DAN BICKLEY

Patrick Peterson era with Cardinals ended long before CB joined Vikings

Mar 18, 2021, 6:25 PM | Updated: Mar 19, 2021, 7:33 am
Patrick Peterson #21 of the Arizona Cardinals prepares to take the field for the NFL game against t...
Patrick Peterson #21 of the Arizona Cardinals prepares to take the field for the NFL game against the Detroit Lions at State Farm Stadium on December 09, 2018 in Glendale, Arizona. (Photo by Jennifer Stewart/Getty Images)
(Photo by Jennifer Stewart/Getty Images)

An era ended long before Patrick Peterson signed with the Vikings.

That happened two years ago, when Peterson reneged on his last truly great moment in Arizona, a public apology delivered to 20,000 people on the No. 16 hole of the Waste Management Phoenix Open, when he burrowed his way back into our collective hearts.

That was the day we thought Peterson would be a Forever Cardinal.

Instead, he stirred up even more trouble for another new head coach. He welcomed Kliff Kingsbury by blowing off voluntary workouts. Those actions preceded a six-game PED suspension, when Peterson had the audacity to ask the team to help mitigate his financial losses during his NFL-enforced hiatus.

That was when Peterson lost the common football fan in Arizona. That’s when we closed the book on him.

Wednesday was just a formality. An inevitability. The end of the road.

In his prime, I adored Peterson. His smile was high voltage. His personality was infectious. He loved to laugh. He loved to brag. He loved thrilling the media with his Deion-like quotes. Sometimes, his mouth would move faster than his brain, and he’d mix his metaphors or use malapropisms. Either way, he was a tremendous entertainer.

One time, I caught up with him as he walked off the No. 18 green at the TPC Scottsdale. I asked him what he thought about his previous season. He was beaming.

“Those receivers I was covering? Where are they now?” he said jokingly. “I put them on the back of milk cartons!”

I’ve rarely seen him happier. I miss that guy.

His demeanor changed in recent years. Grumpy Pat was not something I anticipated when the Valley was spellbound by Peterson’s arrival.

As a rookie, he returned four punts for touchdowns. One of them was a 99-yard walk-off punt return in overtime. Do you have any idea what that means?

It means Peterson had the audacity to field a punt at his own 1-yard line. In overtime. He had the mad talent to turn mistakes into victories.

He also had the audacity to point to his family in the crowd while returning an interception.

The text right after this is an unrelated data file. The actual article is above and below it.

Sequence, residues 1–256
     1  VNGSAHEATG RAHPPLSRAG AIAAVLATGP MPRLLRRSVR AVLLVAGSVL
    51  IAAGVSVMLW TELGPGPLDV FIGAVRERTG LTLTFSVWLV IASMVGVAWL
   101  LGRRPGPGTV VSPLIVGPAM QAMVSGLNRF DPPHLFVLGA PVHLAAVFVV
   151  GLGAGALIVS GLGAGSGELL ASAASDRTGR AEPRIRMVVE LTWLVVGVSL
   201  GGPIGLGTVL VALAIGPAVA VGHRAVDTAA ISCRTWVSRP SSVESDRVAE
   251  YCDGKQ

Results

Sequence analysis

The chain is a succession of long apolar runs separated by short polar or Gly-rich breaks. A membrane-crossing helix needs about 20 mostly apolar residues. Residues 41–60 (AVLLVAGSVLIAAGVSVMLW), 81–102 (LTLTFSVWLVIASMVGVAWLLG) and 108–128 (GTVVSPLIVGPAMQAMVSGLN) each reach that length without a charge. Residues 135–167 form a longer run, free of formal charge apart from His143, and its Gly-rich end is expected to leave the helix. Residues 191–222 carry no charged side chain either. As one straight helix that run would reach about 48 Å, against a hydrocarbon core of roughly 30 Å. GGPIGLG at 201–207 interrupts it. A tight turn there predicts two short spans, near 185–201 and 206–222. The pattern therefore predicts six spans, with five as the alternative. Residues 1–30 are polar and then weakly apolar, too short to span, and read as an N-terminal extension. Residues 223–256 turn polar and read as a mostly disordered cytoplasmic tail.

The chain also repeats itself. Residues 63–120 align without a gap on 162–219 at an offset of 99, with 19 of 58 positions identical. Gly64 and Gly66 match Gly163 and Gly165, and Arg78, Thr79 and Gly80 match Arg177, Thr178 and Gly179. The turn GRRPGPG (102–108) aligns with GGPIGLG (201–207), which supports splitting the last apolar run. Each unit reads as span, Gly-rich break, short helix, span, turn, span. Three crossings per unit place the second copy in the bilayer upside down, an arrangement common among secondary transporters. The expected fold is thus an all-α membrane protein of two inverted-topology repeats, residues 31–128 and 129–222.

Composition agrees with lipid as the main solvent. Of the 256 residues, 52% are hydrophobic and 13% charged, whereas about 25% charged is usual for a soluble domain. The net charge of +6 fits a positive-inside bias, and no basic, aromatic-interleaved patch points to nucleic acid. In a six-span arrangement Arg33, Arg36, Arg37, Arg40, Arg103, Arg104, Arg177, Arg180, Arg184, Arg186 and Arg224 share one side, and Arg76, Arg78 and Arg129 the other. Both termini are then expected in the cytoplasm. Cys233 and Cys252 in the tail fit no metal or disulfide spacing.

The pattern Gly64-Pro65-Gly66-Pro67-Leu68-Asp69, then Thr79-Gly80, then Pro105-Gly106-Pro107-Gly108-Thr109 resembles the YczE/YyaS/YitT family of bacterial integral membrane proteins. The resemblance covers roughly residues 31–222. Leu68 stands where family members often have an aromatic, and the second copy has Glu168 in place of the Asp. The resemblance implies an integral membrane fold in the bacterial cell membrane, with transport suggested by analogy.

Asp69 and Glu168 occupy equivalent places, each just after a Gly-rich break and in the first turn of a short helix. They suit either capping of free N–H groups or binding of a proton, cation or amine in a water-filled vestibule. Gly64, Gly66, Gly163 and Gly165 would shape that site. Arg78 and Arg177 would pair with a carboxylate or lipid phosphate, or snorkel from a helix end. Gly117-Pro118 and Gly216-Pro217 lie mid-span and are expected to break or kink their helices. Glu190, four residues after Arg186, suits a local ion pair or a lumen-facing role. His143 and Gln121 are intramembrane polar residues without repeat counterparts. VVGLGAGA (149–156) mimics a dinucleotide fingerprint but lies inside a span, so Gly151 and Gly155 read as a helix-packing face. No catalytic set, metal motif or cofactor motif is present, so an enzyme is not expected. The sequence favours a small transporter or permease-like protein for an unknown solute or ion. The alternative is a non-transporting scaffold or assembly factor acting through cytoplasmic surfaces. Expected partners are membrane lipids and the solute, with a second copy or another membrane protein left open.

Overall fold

He loved group photos in the end zone after Arizona’s defense forced a turnover, even if his team was losing by three touchdowns.

At peak confidence, he attempted to become a rare three-way player in the NFL, shooting to be a star performer on defense, offense and special teams. He captured imaginations, dared quarterbacks to throw in his direction (they wouldn’t) and elicited one of the best gestures of sportsmanship I’ve ever witnessed.

Entering Week 17 of his rookie season, most opposing coaches were done punting the football to Peterson. But Seahawks coach Pete Carroll felt otherwise. He knew Peterson was one touchdown removed from an all-time record. Carroll decided the honorable thing was to kick the ball to Peterson, affording the rookie a chance at NFL immortality.

Peterson nearly pulled it off, but was taken down by a touchdown-saving tackle from Seattle punter Jon Ryan.

Back then, anything and everything seemed possible — when Peterson was driven by sunshine and joy, when the first half of his Arizona career was full of happy Hall of Fame content.

The second half is a dumpster fire aboard the Titanic. His play slipped. So did his leadership and attitude. His punt returns became business decisions. There was very little magic anywhere on the field. Even the smiles seemed strained and arduous.

I’m going to forget that stuff. I’m going to look forward to the day the Cardinals induct Peterson into their Ring of Honor. When we get to see that million-dollar smile one more time. When we all remember fondly what we once had together, and not what could’ve been.

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